"Well, now we've secured a lodging, we must think of supper," said Glenarvan. "Our friends must not have reason to complain of the couriers they sent to precede them; and if I am not much mistaken, they will be very satisfied. It strikes me that an hour's shooting won't be lost time. Are you ready, Robert?"

"Yes, my Lord," replied the boy, standing up, gun in hand.

Why Glenarvan proposed this was, that the banks of the Guamini seemed to be the general rendezvous of all the game in the surrounding plains. A sort of partridge peculiar to the Pampas, called TINAMOUS; black wood-hens; a species of plover, called TERU-TERU; yellow rays, and waterfowl with magnificent green plumage, rose in coveys. No quadrupeds, however, were visible, but Thalcave pointed to the long grass and thick brushwood, and gave his friends to understand they were lying there in concealment.

Disdaining the feathered tribes when more substantial game was at hand, the hunters' first shots were fired into the underwood. Instantly there rose by the hundred roebucks and guanacos, like those that had swept over them that terrible night on the Cordilleras, but the timid creatures were so frightened that they were all out of gunshot in a twinkling. The hunters were obliged to content themselves with humbler game, though in an alimentary point of view nothing better could be wished. A dozen of red partridges and rays were speedily brought down, and Glenarvan also managed very cleverly to kill a TAY-TETRE, or peccary, a pachydermatous animal, the flesh of which is excellent eating.

In less than half an hour the hunters had all the game they required. Robert had killed a curious animal belonging to the order EDENTATA, an armadillo, a sort of tatou, covered with a hard bony shell, in movable pieces, and measuring a foot and a half long. It was very fat and would make an excellent dish, the Patagonian said. Robert was very proud of his success.

Thalcave did his part by capturing a NANDOU, a species of ostrich, remarkable for its extreme swiftness.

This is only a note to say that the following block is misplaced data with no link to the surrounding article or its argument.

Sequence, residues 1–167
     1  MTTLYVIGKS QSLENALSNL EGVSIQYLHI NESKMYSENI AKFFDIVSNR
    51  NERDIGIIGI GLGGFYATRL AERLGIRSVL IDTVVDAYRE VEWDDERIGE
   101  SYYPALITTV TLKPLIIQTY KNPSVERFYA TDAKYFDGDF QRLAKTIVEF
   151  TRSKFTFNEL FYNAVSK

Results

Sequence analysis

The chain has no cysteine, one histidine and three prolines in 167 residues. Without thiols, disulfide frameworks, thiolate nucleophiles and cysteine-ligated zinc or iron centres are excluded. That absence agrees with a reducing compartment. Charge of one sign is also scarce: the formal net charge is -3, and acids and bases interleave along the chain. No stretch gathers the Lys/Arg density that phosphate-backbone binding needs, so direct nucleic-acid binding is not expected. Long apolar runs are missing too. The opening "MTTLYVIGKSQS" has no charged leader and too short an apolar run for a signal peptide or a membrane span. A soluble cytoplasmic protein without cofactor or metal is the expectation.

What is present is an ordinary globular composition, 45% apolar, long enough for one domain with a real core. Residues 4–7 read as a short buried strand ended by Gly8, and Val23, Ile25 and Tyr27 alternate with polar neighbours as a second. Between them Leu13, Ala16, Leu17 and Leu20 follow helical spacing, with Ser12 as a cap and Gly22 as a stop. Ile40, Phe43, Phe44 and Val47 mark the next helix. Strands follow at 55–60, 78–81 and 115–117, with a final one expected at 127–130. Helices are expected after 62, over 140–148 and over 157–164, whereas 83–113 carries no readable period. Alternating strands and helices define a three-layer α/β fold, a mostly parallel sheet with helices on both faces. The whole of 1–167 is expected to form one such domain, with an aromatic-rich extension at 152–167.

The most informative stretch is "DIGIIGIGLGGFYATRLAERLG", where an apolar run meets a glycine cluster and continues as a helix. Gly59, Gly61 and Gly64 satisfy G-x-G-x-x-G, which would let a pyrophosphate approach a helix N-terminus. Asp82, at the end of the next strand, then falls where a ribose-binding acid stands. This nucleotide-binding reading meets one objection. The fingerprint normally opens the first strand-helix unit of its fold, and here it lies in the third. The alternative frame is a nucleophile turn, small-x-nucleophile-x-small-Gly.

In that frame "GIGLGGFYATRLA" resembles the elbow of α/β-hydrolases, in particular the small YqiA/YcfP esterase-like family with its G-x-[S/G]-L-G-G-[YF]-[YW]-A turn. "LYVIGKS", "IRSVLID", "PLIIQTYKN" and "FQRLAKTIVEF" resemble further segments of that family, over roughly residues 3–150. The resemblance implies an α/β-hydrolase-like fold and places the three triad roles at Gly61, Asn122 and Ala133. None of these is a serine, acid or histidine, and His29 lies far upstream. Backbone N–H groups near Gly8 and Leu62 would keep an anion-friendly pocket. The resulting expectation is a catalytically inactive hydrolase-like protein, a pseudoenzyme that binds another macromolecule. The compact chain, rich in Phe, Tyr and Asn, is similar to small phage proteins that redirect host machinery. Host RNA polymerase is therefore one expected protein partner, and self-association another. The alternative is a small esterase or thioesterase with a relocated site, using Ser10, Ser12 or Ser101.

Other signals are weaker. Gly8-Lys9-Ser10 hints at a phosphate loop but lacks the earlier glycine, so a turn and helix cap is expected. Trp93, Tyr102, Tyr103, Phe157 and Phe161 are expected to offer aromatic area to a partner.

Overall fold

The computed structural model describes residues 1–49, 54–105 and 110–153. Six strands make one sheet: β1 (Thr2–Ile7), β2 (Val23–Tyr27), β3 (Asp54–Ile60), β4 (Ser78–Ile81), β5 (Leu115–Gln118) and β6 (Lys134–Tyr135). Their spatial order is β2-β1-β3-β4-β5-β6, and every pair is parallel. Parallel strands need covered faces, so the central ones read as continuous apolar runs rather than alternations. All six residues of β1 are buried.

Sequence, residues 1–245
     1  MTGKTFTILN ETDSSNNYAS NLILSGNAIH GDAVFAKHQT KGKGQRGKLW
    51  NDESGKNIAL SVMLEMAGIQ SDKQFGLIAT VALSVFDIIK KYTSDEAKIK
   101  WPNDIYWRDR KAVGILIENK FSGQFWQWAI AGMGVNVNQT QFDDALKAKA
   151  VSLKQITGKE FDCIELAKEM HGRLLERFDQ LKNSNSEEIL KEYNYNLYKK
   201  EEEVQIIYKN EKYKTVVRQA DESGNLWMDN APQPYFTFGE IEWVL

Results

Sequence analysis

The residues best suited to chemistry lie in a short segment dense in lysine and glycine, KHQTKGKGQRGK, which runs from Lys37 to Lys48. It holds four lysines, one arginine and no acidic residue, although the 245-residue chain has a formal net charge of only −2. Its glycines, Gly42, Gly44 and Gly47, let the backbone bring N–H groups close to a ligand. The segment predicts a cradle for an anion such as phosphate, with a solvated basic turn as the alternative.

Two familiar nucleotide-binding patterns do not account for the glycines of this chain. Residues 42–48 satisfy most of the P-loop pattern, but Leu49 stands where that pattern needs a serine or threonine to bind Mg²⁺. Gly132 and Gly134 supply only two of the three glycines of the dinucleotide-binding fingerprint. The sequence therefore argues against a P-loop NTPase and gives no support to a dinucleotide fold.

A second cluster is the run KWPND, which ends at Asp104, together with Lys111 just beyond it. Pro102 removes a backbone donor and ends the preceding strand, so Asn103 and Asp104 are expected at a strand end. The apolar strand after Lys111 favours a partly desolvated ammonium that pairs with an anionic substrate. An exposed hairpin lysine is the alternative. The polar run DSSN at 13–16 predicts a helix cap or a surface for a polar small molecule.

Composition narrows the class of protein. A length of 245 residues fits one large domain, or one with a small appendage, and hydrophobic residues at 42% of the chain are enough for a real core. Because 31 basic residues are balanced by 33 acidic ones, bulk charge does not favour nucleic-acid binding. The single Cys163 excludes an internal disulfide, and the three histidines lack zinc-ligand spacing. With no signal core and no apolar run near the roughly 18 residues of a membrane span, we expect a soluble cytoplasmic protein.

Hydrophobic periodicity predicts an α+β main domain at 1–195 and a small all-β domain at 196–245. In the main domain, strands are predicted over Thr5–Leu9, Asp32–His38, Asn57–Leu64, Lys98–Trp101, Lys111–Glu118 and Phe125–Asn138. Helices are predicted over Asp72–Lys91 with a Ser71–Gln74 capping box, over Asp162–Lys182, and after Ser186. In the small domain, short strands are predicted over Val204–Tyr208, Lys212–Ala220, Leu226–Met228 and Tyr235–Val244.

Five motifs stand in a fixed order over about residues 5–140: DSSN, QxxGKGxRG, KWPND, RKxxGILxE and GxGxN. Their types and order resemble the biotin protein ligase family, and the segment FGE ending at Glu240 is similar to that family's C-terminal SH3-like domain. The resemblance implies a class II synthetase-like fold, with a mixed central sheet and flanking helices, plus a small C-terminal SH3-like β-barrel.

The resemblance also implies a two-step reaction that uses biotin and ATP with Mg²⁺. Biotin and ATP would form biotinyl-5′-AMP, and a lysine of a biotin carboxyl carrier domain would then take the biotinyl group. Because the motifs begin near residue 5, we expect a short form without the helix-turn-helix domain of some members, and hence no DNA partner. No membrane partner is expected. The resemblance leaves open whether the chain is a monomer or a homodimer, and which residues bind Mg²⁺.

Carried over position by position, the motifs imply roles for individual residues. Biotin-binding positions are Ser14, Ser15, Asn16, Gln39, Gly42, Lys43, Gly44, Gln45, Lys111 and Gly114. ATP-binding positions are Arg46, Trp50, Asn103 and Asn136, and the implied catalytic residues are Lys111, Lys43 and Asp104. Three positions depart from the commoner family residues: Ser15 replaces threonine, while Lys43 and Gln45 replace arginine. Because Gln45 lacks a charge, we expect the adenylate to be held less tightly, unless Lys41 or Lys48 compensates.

There could be no entrapping such an animal, and the Indian did not attempt it. He urged Thaouka to a gallop, and made a direct attack, knowing that if the first aim missed the NANDOU would soon tire out horse and rider by involving them in an inextricable labyrinth of windings. The moment, therefore, that Thalcave got to a right distance, he flung his BOLAS with such a powerful hand, and so skillfully, that he caught the bird round the legs and paralyzed his efforts at once. In a few seconds it lay flat on the ground.

The Indian had not made his capture for the mere pleasure and glory of such a novel chase. The flesh of the NANDOU is highly esteemed, and Thalcave felt bound to contribute his share of the common repast.

They returned to the RAMADA, bringing back the string of partridges, the ostrich, the peccary, and the armadillo. The ostrich and the peccary were prepared for cooking by divesting them of their tough skins, and cutting them up into thin slices. As to the armadillo, he carries his cooking apparatus with him, and all that had to be done was to place him in his own shell over the glowing embers.

The substantial dishes were reserved for the night-comers, and the three hunters contented themselves with devouring the partridges, and washed down their meal with clear, fresh water, which was pronounced superior to all the porter in the world, even to the famous Highland USQUEBAUGH, or whisky.

The horses had not been overlooked. A large quantity of dry fodder was discovered lying heaped up in the RAMADA, and this supplied them amply with both food and bedding.

When all was ready the three companions wrapped themselves in the ponchos, and stretched themselves on an eiderdown of ALFAFARES, the usual bed of hunters on the Pampas.

CHAPTER XIX THE RED WOLVES

NIGHT came, but the orb of night was invisible to the inhabitants of the earth, for she was just in her first quarter. The dim light of the stars was all that illumined the plain. The waters of the Guamini ran silently, like a sheet of oil over a surface of marble.

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